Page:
I Love My Thighs

Whether they are slim, average, thick, or any other size in the grand and wide scale: I love my thighs. What’s not to love about them?

From early stages of life to maybe even 5 minutes ago, body proportions have stalked and keep stalking this body. A feeling that comes and goes, sort of like a ghost.

Like many things, this “ghost” can be hard to overcome, yet, on some other days it cannot even be sensed. A feeling of empowerment grows in me when I have a couple of minutes in front of the mirror and I can actually admire even the smallest detail of my body. Yes, I have those days, and I think they’re the best!

Why not love your breasts, belly, waist, hips, derrière and thighs? Of course there’s many more parts of your body to admire and appreciate, but from my years of being exposed to body-shaming comments, these are among the main targets, at least nowadays.

The bottom line of all this is: women come in all colors, shapes, and sizes. Curves and lines, scars and beauty marks in certain places make each and every body unique, and unique is the beauty of it.

I’ve learned to love my thighs and currently in the ongoing process of not only admiring, but loving every single part of this body that makes me so unique. Is it tough? Yes, it is a bit tough, but I owe it to myself.

Celebrate and admire your whole self!


**This content appeared first on My Trending Stories the past August 6th by yours truly!



  1. Indeed you are a wise woman. At 53, I’ve come to love my body, flaws and all. Some days are still better than others, but I don’t mind that my hair is graying or I have lines around my eyes. Those things add wisdom and character. 🙂

    Liked by 2 people

    • I really hope I am able to reach that point one day. It’s really hard for me to overcome self-criticism sometimes, but there’s always something positive to look at. Like you mentioned, and I agree with you completely, some days are still better than others. Really happy to hear that you’ve reached a point where you are able to love and admire who you are and be comfortable in your own skin. Thank you for reading, Marple Mary 🙂

      Liked by 1 person

  2. Well said! Body shaming comes in various forms. You’re either too big or too small. There is no in between. I don’t know why we can’t learn to respect each other

    Liked by 2 people

    • Yes!!!! That’s exactly what I’ve learned, there’s always the “not enough” factor in everyone’s mind. I think we would all be much better people if we learned to accept others for who they are instead of attacking their self-esteem with the “trendy” ideas that in the end that’s all they are, a trend.


    • I agree with you, social media, overall, has come to affect the way we perceive a beautiful or attractive person. The thing many don’t understand is that things as such are only trends, and not healthy ones. Thank you for reading and your thoughtful comment! 😊

      Liked by 1 person

    • Oh, how come? I have to be honest, I know how that feels because that is the way I’ve always felt about my arms, but I just think it’s time for me to try to do something about it. It’s extremely hard to accept and learn to appreciate/love something that to you is clearly a flaw, but I just think I would potentially give me more confidence on who I am. 🙂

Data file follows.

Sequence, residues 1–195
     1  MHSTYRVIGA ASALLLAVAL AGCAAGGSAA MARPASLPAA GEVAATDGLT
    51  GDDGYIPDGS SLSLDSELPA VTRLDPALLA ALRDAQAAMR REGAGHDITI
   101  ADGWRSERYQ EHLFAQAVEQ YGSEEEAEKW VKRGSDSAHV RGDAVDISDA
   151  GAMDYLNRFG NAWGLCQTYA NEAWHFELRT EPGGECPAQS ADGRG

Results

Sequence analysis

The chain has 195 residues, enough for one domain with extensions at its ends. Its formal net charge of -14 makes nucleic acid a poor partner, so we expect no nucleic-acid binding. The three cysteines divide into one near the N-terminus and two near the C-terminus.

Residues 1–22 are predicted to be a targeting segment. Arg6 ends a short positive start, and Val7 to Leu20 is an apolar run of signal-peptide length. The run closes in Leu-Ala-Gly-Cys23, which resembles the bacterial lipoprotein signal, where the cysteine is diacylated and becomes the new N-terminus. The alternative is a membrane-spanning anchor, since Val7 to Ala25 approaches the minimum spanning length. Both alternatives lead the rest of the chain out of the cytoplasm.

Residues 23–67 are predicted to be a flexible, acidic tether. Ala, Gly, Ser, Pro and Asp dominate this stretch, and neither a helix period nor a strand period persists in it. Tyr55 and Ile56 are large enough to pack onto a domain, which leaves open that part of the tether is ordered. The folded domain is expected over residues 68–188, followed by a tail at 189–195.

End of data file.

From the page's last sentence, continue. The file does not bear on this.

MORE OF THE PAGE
Liked by 1 person

  3. For a lifetime I always had someone saying things to try and make me feel small, feel less about myself. And, for the most part, it worked. I hid my insecurities and feelings of un-beautiful behind a hearty facade. But the demons of despair were always whispering in my ear. Telling me I wasn’t good enough, pretty enough, thin enough. Oh, that last one…The demons had so much to work with. Every magazine, every TV show, every social media outlet, they were it’s ally. Destroying my self-confidence. When my second marriage failed after he cheated on me, I knew I could not get any lower. I allowed my grief room to breath and then I chased it away. I started to discover who I was and what I wanted. My eldest daughter was a saving grace in this as she has always been my biggest cheerleader in life. Eventually I grew to accept that I am a good, kind, decent, funny, caring human being. And that is enough. I don’t have to be everyone’s idea of beautiful. I just have to be mine. Once I discovered this, I met my soulmate and we married. I am still a big girl and I still have moments where the demon tries to whisper anxiety in my ear but all I have to do is look at my love and I see in his eyes that I am his world and he wouldn’t change a thing about me. To be totally accepted and loved for who you are is the most beautiful thing in the world.

    Liked by 1 person

    • Wow, thank you so much for sharing this. I was really glad to read that after those dark times light and positivity came your way. It is really good to find out that you were able to not only find someone who values and loves you for who you are, but that your perspective has changed.

      Liked by 1 person

  4. Reblogged this on The Entertainment Patrol (and general musings) and commented:
    This year, I am definitely going to champion body positivity and the acceptance of oneself. This blog post is brilliant for that. Outward beauty is so relative and subjective that striving for one thing will never please everyone. There is no right shape. Be proud of who you are. Forget this idea of “thunder thighs”. Inner beauty is far more terrifying anyway. I mean…Kanye…woof!

    Liked by 2 people

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